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Rees’s Pieces, Part Four: The Notre Dame Tight Ends

The Irish look to reload in 2020

COLLEGE FOOTBALL: NOV 30 Notre Dame at Stanford Photo by Cody Glenn/Icon Sportswire via Getty Images

We wished, we hoped, but it was not to be: Cole Kmet will not be returning to play tight end for the Notre Dame Fighting Irish in 2020. Not that we should be surprised or angry; Kmet is absolutely NFL-ready and I look forward to watching him play on Sundays.

The Chip Long era at Notre Dame netted a ton of talent at the tight end position (though his tight-end-centric offense never quite materialized), leaving Tommy Rees a lot to play with in Kmet’s absence. We’ll break down all that talent in the penultimate edition of Rees’s Pieces.

TE1A: Brock Wright

Wright and Cole Kmet were held in more or less equally high regard when they signed with Notre Dame in 2017. With Chip Long’s aforementioned tight-end-centric philosophy inbound, Irish fans had dreams of Wright and Kmet devastating offenses together for years to come. But while Kmet’s size and athleticism asserted themselves early in his career, Wright remained a reserve player until last year. As the number-two tight end in 2019, he was mostly used as a blocker and in goal-line packages. He thus gained a reputation among fans as slow and not a receiving threat. This is a mistake.

Bowling Green v Notre Dame Photo by Quinn Harris/Getty Images

When given the opportunity, Wright has shown downfield speed and strong hands. His comfort level with Ian Book (they have played together for three years) will make him an effective third-down security blanket. With Kmet on his way to the NFL, Wright will now have an opportunity to seize the number-one role.

Notre Dame will use several different tight ends this year, but if I had to bet on who will get the most snaps and have the most catches, I’d bet on Wright.

TE1B: Tommy Tremble

If I’m betting on Wright to have the most snaps and catches among the tight ends on this team, I’m betting on Tremble to have the most touchdowns. He is a bona fide playmaker and red-zone nightmare with the speed to burn linebackers who try to cover him and the size to outmuscle defensive backs. He is, in short, a ton of fun to watch.

COLLEGE FOOTBALL: NOV 30 Notre Dame at Stanford Photo by Cody Glenn/Icon Sportswire via Getty Images

Where Tremble still has to catch up to Wright - and the reason why you will likely see them used in tandem - is on in-line blocking, as he was mostly just a receiving threat last year. While I have no doubt he will make progress, I would still anticipate a lot of sets next year where Wright is attached on the line with Tremble split out wide. If both players play up to their potential, this could be a deadly combination. While anything can happen during the season, expect to see these two as your 1A/1B tight ends on Aug. 29 in Dublin.

TE3: George Takacs

We haven’t seen a lot of Takacs so far at Notre Dame, though he did make a great touchdown catch in the Duke game.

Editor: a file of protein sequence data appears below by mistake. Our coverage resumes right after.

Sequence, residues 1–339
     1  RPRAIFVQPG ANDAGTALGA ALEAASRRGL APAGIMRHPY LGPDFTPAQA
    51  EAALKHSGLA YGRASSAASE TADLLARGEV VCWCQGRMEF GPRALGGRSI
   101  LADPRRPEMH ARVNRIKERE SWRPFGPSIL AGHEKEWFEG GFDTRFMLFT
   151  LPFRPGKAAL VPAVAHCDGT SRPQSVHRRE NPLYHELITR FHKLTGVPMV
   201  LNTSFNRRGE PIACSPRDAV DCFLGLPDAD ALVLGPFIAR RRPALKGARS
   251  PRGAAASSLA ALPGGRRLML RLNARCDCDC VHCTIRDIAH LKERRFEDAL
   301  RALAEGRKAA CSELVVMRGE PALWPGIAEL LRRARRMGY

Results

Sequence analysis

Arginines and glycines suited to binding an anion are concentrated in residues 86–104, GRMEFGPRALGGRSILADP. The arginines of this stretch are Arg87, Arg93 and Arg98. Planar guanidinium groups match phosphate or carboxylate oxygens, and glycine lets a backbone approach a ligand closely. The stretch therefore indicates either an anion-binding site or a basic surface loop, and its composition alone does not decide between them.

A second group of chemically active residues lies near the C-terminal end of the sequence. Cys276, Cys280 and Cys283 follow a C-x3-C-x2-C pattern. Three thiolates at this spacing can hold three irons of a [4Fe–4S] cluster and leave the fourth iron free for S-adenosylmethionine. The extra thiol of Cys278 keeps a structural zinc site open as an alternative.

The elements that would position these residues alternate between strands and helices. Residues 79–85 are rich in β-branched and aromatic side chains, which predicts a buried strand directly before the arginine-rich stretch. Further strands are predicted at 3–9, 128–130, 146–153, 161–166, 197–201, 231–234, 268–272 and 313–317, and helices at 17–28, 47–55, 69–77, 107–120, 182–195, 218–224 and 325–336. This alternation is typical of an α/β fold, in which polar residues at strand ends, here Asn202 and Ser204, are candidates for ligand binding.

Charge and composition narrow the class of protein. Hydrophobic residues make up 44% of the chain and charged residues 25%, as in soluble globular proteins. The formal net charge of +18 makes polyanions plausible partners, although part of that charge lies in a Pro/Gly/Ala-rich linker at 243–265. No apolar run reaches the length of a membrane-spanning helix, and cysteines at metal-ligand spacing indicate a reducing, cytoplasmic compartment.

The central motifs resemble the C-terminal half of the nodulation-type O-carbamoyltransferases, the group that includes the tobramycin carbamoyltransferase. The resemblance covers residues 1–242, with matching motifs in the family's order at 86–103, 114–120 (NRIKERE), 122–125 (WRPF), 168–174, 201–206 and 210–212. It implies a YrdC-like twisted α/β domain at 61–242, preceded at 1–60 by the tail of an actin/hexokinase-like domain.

Notre Dame v Duke Photo by Grant Halverson/Getty Images

This isn’t Takacs’s fault, merely a result of the depth Notre Dame has accumulated at tight end. Takacs has received consistent praise from the Irish coaching staff for his ability to both block and catch passes as an attached tight end. He absolutely has the talent and the will to contribute, it’s just a matter of opportunities.

It’s difficult to see where Takacs fits into the picture in 2020, as he doesn’t bring a lot to the table that Wright or Tremble can’t. That said, it is always great to have such a talented and well-rounded player on the roster, and he provides important depth. In 2021 and going forward, expect his role to be similar to that occupied by Wright in the past couple years - maybe not as a star player, but definitely making important contributions.

TE4: Michael Mayer

For the third week and position group in a row, I’m going to make this comment: Mayer is a freshman wild card whose elite talent could displace, or at least threaten, everyone ahead of him on the depth chart. An absolute beast at 6’5”, 240 pounds, Mayer runs like a Mack truck and already runs routes, brings down catches and runs after the catch at a college level. He is reminiscent of Kyle Rudolph in his physical running, YAC ability and vise-like hands.

All-American Bowl Photo by Logan Riely/Getty Images

What may keep Mayer from getting a starting role in 2020 is his blocking ability, which is a bit behind his skills as a receiving threat. That will limit his ability to play on an every-down basis ahead of a reliable blocker in Brock Wright, and while he can play well out of the slot, he does not have quite the speed of Tremble. That said, we will almost certainly see him on the field right away. Mayer is the kind of player who doesn’t stay for four years, let alone five. Barring significant injury or regression, he should be a Day 1 or 2 draft pick when he eventually moves on.

TE5: Kevin Bauman

Bauman is an incoming four-star prospect from Red Bank, New Jersey. Bauman is not quite as prepared in his route running, speed, and acceleration as his classmate Michael Mayer. He received high marks from scouts for his blocking, hands, ability to make contested catches and instincts in navigating zone coverage. In any recruiting class that did not include Mayer, he would be considered a major get; as it is, his considerable talents have been somewhat overlooked by most Irish fans.

Kevin Bauman / Twitter

Between Notre Dame’s experienced upperclassmen and the five-star phenom in his own recruiting class, it’s highly unlikely we see Bauman on the field in 2020. In the future, this may be a Kmet/Wright-type situation where Bauman acts as an important role player complementing a standout in Mayer before taking on a starting role as a senior.